Merrell Aims to Climb Higher in 2017
Senior management at parent Wolverine Worldwide thinks Merrell is poised for a comeback in 2017 due to a robust product pipeline and today’s macro trends that focus on the outdoors, health, experiences and active lifestyles.
Merrell’s performance in the fourth quarter “improved significantly” from the prior period, bolstered by key product initiatives and the introduction of new collections. In outdoor specifically, the brand gained market share in the U.S. and grew globally.
“Looking ahead, we are confident in Merrell’s direction,” said Blake W. Krueger, Wolverine Worldwide Chairman, CEO and president told analysts last week. “Consumers love the brand, and the injection of updated product design and innovation to keep franchises was critical in 2016. This also provides a proven roadmap moving forward.”
WWW is hopeful that Merrell’s new Nature’s Gym athletic offerings will gain solid traction this year, helping the outdoor brand to eventually develop a revenue base split evenly between outdoor and active lifestyle products.
As for FY17 overall, Wolverine is forecasting overall revenues for its portfolio of brands, excluding currency fluctuations and the impact of store closures, to be in the range of down 2 percent to up 2 percent from the $2.49 billion generated in FY16.
“We anticipate global demand to remain tepid as evidenced by relatively low commodity prices; the U.S. dollar to remain strong, negatively impacting product costs in most international markets, and the retail environment to remain challenged, especially in the U.S…” said Krueger.
Revenues Will Accelerate Further
The VF Corp.-owned brand, whose iconic black-and-white checkerboard slip-on became iconic 35 years ago when it was donned by Sean Penn in “Fast Times at Ridgemont High,” is forecast to increase its top line by “low double-digits” in 2017 fueled by high teens growth in Asia and high single-digit sales gains in both the Americas and Europe.
Vans became VF’s largest brand in 2016, its 50th anniversary year, with a 7 percent revenue increase to $2.3 billion that included a 20 percent increase in its direct-to-consumer business, 40 percent growth in e-commerce and 15 percent sales growth in the fourth quarter. The company’s annual gross margin, meanwhile, improved 120 basis points to 49.4 percent.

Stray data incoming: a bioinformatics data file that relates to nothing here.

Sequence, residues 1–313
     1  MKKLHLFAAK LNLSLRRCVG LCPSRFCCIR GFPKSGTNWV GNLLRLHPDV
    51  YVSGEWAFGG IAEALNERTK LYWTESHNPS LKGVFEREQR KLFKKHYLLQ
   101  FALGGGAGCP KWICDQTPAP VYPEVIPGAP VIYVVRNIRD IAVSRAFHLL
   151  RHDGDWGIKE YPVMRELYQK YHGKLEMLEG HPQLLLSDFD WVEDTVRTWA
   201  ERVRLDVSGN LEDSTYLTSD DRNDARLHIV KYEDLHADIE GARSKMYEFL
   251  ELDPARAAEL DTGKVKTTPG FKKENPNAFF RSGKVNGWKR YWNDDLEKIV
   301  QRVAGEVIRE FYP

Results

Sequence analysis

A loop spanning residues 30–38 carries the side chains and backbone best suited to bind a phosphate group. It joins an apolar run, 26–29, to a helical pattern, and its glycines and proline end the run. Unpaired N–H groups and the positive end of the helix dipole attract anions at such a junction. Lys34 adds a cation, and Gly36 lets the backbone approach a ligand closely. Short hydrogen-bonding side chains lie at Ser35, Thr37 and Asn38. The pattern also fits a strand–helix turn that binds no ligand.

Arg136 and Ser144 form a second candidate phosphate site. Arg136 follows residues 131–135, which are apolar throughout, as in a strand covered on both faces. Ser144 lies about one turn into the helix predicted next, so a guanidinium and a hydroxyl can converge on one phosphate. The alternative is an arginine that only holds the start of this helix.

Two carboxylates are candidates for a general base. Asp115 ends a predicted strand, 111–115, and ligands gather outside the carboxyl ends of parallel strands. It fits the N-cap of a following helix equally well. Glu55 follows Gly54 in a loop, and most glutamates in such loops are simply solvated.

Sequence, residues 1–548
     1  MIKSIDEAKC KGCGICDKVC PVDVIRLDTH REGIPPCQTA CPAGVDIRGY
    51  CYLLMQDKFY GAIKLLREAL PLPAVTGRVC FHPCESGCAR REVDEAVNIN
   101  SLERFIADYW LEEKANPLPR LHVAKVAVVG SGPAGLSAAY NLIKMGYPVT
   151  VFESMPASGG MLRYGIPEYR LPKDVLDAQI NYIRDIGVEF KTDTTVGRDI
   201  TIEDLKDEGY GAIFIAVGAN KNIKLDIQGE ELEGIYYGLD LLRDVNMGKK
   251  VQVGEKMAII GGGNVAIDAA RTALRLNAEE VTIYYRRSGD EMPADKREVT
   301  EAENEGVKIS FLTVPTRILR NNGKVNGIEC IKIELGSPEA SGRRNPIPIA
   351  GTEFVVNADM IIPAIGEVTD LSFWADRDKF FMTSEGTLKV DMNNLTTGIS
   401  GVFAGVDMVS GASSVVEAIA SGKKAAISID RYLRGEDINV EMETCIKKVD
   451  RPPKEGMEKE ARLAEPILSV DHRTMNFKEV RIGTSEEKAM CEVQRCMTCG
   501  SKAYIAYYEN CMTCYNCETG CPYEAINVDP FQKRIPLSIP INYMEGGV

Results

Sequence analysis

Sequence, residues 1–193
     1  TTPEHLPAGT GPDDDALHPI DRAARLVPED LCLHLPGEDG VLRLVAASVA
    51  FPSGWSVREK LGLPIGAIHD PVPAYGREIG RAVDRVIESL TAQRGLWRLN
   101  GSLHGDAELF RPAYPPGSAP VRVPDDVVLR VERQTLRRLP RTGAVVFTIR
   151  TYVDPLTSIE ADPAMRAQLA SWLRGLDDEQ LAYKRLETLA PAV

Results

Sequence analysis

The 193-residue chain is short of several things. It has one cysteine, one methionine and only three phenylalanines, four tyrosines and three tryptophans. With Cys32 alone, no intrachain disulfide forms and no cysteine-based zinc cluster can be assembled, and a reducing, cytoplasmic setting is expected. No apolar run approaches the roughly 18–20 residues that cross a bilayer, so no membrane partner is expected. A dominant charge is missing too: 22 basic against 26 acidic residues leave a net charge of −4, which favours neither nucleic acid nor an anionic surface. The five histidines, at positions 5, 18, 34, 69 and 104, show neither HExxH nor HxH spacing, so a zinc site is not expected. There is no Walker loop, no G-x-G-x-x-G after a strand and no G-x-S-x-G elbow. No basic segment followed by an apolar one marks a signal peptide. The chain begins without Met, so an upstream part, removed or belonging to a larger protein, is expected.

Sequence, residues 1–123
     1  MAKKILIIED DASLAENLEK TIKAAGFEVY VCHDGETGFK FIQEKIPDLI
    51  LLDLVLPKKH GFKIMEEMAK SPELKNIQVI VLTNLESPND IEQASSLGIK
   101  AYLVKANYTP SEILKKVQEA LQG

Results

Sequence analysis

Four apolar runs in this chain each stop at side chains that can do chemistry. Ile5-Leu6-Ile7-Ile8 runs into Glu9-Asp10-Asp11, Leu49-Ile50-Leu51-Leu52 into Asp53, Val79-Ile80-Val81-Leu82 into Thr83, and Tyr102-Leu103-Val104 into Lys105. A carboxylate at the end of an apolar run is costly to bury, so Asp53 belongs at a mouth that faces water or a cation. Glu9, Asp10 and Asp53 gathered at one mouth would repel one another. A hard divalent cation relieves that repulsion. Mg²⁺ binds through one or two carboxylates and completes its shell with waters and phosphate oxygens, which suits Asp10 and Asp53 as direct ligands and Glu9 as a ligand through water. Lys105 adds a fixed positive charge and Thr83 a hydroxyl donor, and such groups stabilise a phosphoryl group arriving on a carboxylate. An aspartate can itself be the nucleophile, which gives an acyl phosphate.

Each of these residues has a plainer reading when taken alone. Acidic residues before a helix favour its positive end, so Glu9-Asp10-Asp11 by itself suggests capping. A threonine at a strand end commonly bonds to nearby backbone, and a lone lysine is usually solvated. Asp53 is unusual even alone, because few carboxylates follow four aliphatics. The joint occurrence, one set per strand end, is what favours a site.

VF senior management, commenting on Vans’ success in 2016, said the brand’s All Weather MTE Collection that leverages the label as a four-season brand, doubled its revenues last year. Also, an upgraded custom footwear platform that allows customers to create their own Vans through their own patterns, colors and art, is said to be off to a strong start.
Bowflex HVT Rollout
The fitness company, which generated a 20 percent increase in annual sales last year to $406 million, intends to introduce its Bowflex Hybrid Velocity Trainer into the direct channel before mid-year.
“Our research indicates that the more innovative nature of the HVT will require added initial support in the early stages,” Nautilus CEO Bruce Cazenave told analysts. “This support will include both television and expanded digital marketing efforts.”
Meanwhile, on the retail side of its business, whose organic sales dipped 7 percent in the fourth quarter, NLS senior management is hopeful its initial partnership with Dick’s Sporting Goods can be expanded. In the fourth quarter, the Max Trainer M3 was placed within stores for purchase and a smaller test of a Bowflex branded in-store shop was tested with the retailer. Results of the NLS-DKS partnership will be examined at the end of the fitness season. If it proves successful, Nautilus says it will be able to further optimize the reach of its direct media advertising to include those who prefer to fitness equipment in-store from a trusted, major retailer.
Apparel Moves Forward
Gildan Activewear, which bought the Los Angeles company (but not its 110 retail stores) out of bankruptcy for $88 million, thinks the acquisition will help it capture a more market share in fashion basics and grow its international business.